DH and I bought a farmette back in July. When we moved here pastures hadn't been touched by a a horse in a while so they were green and lush. Fast forward to now, had new fencing installed and moved our 2 horses here. Pasture quality went downhill as when the fencing company was installing it was rainy almost the whole time and their equipment killed a lot of the grass. Like last winter, it has been unseasonably warm with virtually no snowfall. I have 3 pastures to work with. Should I seed now or is it pointless? I also rotate the horses. Any advice on pasture management would be greatly appreciated, as I am totally new to this part of horse keeping; I boarded for 16 years and this is my first time having the horses at home. TIA!!
I am down south, so yeah, talk to people in your area, but I am thinking it is too late to reseed right now. Early spring is probably your best bet, if you can't wait til late fall. But the county extension will be more informed as to when you can successfully redo your fields.
But in the mean time you can do soil samples (they can also tell you how to do that)
Originally Posted by Mozart
Personally, I think the moderate use of shock collars in training humans should be allowed.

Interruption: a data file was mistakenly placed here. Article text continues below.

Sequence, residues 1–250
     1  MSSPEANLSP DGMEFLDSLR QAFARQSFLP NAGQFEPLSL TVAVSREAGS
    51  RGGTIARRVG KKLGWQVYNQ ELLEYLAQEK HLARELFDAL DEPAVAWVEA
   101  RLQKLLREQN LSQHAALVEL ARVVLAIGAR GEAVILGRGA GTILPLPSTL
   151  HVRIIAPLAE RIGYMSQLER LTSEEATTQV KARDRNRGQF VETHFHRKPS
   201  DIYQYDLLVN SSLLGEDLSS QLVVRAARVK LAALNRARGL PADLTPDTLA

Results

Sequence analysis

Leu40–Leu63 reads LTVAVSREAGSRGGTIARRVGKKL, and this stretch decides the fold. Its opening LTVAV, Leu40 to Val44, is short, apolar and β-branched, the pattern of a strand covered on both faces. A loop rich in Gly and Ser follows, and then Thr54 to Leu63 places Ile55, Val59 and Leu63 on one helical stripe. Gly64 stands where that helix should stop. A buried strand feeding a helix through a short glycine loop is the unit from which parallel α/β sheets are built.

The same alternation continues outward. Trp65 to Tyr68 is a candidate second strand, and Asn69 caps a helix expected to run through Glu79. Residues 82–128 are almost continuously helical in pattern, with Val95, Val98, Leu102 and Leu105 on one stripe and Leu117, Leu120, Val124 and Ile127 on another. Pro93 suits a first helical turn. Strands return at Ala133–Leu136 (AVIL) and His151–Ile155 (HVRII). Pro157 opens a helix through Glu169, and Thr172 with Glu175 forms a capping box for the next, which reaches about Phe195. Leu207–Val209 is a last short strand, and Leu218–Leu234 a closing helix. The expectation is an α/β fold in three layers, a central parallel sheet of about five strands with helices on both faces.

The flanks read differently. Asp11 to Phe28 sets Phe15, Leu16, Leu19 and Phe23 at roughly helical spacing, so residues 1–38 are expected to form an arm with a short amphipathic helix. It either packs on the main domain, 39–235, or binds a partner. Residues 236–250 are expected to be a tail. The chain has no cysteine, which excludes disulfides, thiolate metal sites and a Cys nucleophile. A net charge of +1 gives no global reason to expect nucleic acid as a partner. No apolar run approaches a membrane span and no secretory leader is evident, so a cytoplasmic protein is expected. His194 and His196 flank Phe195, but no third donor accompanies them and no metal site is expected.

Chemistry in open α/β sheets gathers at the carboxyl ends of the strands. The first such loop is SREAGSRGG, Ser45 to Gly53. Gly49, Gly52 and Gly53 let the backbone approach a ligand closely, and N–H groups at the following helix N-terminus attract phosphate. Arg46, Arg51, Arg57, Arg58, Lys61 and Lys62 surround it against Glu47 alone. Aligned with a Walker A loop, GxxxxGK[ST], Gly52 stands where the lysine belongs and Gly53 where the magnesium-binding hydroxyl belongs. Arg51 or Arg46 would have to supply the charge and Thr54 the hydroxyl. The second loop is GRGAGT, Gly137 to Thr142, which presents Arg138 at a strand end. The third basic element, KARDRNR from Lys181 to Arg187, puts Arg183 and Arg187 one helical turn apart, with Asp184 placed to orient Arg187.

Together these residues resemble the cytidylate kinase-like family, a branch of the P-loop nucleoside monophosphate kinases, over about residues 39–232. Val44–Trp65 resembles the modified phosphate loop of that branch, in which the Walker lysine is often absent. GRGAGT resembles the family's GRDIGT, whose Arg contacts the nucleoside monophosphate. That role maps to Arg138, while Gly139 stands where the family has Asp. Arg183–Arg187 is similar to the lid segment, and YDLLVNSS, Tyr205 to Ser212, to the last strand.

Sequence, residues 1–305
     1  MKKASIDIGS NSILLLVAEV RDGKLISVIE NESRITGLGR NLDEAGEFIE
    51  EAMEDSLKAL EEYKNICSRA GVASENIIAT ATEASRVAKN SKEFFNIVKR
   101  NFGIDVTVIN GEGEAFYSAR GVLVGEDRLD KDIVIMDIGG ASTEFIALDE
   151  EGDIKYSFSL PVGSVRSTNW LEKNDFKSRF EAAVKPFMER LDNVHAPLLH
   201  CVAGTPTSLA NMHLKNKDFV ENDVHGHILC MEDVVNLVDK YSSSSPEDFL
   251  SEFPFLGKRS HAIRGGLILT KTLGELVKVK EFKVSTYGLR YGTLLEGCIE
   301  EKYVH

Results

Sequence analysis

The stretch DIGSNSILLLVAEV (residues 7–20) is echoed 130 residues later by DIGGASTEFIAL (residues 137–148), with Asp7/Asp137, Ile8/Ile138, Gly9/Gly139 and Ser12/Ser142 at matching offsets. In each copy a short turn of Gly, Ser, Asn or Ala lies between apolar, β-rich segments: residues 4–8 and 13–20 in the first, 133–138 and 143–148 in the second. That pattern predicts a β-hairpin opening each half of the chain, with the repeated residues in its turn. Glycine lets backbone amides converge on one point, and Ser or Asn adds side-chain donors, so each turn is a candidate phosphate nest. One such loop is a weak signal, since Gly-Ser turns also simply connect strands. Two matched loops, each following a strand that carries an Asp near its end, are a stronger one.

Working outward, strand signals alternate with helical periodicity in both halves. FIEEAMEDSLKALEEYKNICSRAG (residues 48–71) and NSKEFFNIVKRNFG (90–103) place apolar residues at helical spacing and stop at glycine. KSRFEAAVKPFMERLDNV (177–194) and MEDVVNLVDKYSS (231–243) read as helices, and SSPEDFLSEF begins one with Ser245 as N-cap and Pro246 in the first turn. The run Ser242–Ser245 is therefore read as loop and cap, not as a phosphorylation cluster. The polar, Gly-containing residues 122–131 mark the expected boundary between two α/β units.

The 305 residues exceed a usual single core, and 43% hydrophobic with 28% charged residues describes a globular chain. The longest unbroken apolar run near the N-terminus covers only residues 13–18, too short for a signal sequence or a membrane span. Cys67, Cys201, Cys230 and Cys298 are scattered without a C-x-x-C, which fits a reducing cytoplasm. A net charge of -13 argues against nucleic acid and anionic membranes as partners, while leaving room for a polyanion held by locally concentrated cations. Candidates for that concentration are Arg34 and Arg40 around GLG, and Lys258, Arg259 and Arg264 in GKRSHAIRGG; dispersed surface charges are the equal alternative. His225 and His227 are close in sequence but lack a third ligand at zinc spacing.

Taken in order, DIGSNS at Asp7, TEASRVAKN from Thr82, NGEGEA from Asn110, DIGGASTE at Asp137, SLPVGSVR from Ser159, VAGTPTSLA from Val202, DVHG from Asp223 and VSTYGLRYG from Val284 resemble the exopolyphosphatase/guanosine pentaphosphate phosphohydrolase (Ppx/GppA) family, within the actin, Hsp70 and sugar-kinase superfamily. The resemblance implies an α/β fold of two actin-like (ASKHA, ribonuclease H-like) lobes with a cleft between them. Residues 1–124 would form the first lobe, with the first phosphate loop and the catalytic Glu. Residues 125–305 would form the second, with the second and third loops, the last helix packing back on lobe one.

I am in NY too (Capital Region)...and I would be afraid of them actually starting to grow with this crazy weather! From what I've been told, it is ok to "frost seed" in anticipation of spring -- some people do this in February, etc. but the theory is that the seed will be there ready to sprout in the spring. At this point the year, I would not want any actual germination to take place....because if it does you've wasted your seed (assuming it will actually freeze sometime).
I am desperately ready for the ground to freeze and stay frozen! I do not have a big enough sacrifice area to last all winter long (and make horses happy) -- I *can* keep them off the pasture but we are all miserable.
About the equipment killing the grass. I had a rutted field disc harrowed. I then york raked it several times to level out the the discing. And waited. The intact root system gave itself a shake, and decided to sprout. I never did seed that field.
But I didn't turn out on it either.
Some riders change their horse, they change their saddle, they change their teacher; they never change themselves.